Only a sewerage overhaul can save Delhi
Delhi’s first sewerage Master Plan says groundwater contamination may lead to diseases of epidemic proportions if waste water not managed immediatelydelhi Updated: Sep 21, 2014 00:42 IST
Delhi may face a civic and health disaster if remedial measures are not taken immediately to manage its waste water, Delhi’s first sewerage master plan has warned.
The plan, uploaded on Delhi Jal Board’s website for suggestions, states that because of ground water contamination, water-borne diseases (such as typhoid fever, cholera and hepatitis) may take the form of an epidemic, resulting in a disaster.
“The water quality in the Yamuna is two notches below even the normal bathing standards,” says the draft report that aims to fix Delhi’s failing wastewater management system and reduce pollution in the Yamuna by building pipe networks and clean-up centres.
The Rs 19,500-crore report plan promises to tackle contamination of surface and groundwater as well as soil — all of which are major public health risks.
The city’s 35 wastewater treatment plants can at best deal with only 40% of the total sewage generated every day because of their inadequate number, blocked trunk sewer lines and half the city — mostly unauthorised colonies — lacking a sewerage system. The rest of the discharge flows directly into the Yamuna through rainwater drains, killing both natural systems.
Damage to stormwater drains causes urban flooding during monsoon and reduces groundwater recharge. An IIT-Delhi team, led by professor AK Gosain, is working on a separate master plan for stormwater drains, which should only carry rainwater.
“The river is suffering not just from untreated sewer from unauthorised and unsewered areas but also from raw sewer entering illegally the storm water system from already areas where sewer lines already exist. This needs to be fixed,” said environmentalist Manoj Misra.
“The Yamuna enters Delhi near village Palla in the north. Further, there’s a barrage at Wazirabad where water is taken out by Delhi Jal Board for treatment and supply to households, meeting 70% of Delhi’s water needs. In dry season, no water is allowed to flow beyond Wazirabad. Whatever flows, is waste water,” the report says.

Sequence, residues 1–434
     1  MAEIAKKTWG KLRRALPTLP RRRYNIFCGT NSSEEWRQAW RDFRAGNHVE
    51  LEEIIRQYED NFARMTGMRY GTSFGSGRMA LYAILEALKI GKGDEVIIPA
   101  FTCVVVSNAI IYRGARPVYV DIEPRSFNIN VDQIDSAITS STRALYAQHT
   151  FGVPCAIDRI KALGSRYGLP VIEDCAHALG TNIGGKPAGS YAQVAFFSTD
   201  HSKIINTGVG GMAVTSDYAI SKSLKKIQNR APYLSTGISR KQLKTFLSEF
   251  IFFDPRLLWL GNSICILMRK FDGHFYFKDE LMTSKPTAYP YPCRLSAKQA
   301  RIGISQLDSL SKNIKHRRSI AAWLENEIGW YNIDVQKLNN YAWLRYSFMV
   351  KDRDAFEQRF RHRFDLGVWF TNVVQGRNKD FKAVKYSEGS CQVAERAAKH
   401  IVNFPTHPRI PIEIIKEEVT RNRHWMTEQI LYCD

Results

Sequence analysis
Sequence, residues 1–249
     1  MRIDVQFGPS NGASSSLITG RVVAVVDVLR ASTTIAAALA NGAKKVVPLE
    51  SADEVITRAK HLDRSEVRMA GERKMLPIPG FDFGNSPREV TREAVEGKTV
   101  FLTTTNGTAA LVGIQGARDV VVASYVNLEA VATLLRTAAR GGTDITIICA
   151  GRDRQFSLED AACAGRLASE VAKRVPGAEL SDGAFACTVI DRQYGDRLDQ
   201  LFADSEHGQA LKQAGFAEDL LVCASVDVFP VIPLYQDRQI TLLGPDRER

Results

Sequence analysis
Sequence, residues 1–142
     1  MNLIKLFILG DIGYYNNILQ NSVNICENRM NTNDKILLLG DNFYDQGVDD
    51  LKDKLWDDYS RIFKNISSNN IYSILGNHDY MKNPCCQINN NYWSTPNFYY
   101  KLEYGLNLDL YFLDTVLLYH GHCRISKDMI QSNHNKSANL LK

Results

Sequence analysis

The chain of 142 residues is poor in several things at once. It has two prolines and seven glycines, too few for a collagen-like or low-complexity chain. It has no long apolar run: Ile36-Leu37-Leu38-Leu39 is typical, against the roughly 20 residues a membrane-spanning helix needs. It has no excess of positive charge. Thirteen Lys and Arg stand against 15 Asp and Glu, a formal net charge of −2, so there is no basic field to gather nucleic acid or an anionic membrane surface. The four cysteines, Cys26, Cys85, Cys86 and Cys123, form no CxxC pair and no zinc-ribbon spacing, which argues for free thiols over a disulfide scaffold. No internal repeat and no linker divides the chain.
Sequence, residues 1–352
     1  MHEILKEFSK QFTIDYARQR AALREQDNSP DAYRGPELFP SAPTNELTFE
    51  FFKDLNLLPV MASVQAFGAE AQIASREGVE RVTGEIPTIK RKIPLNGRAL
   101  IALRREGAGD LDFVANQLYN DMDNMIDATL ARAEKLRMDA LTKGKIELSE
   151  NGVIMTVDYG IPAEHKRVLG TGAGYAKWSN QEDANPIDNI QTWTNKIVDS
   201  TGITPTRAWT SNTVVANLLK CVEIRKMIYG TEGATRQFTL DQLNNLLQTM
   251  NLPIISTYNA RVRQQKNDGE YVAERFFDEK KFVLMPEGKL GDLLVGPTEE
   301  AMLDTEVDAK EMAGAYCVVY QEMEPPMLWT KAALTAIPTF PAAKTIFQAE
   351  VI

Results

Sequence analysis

The plan admits that Delhi’s population has grown by more than 300% since 1971, up from 4 million then to 18 million now.
But sewerage network augmentation, like in other infrastructure areas, has not kept pace. The blueprint proposes integration of various ongoing sewerage projects.
“But this cannot wait for 2031. It must be done at most in another 5 years to meet the Prime Minister’s 2019 deadline for a Nirmal (clean and healthy) Bharat. For this to actually happen, the city will need to provide Delhi Jal Board with powers and resources like those of Delhi Metro Rail Corporation,” said Misra.
“Unsewered areas, mostly unauthorised colonies, of Delhi face congestion and have inadequate space for laying pipelines. An interceptor project will be a short-term measure before the problem is addressed with modern technologies,” said a DJB official.
The Rs 1962-crore interceptor project involves laying parallel channels along the three major drains.
These will intercept sewage from several smaller drains that flow into these three drains. The sewage will be treated and released back into the main drains before they meet the Yamuna.
“The project will be complete by the middle of next year and reduce 70%of the sewage pollution in the river,” said the official.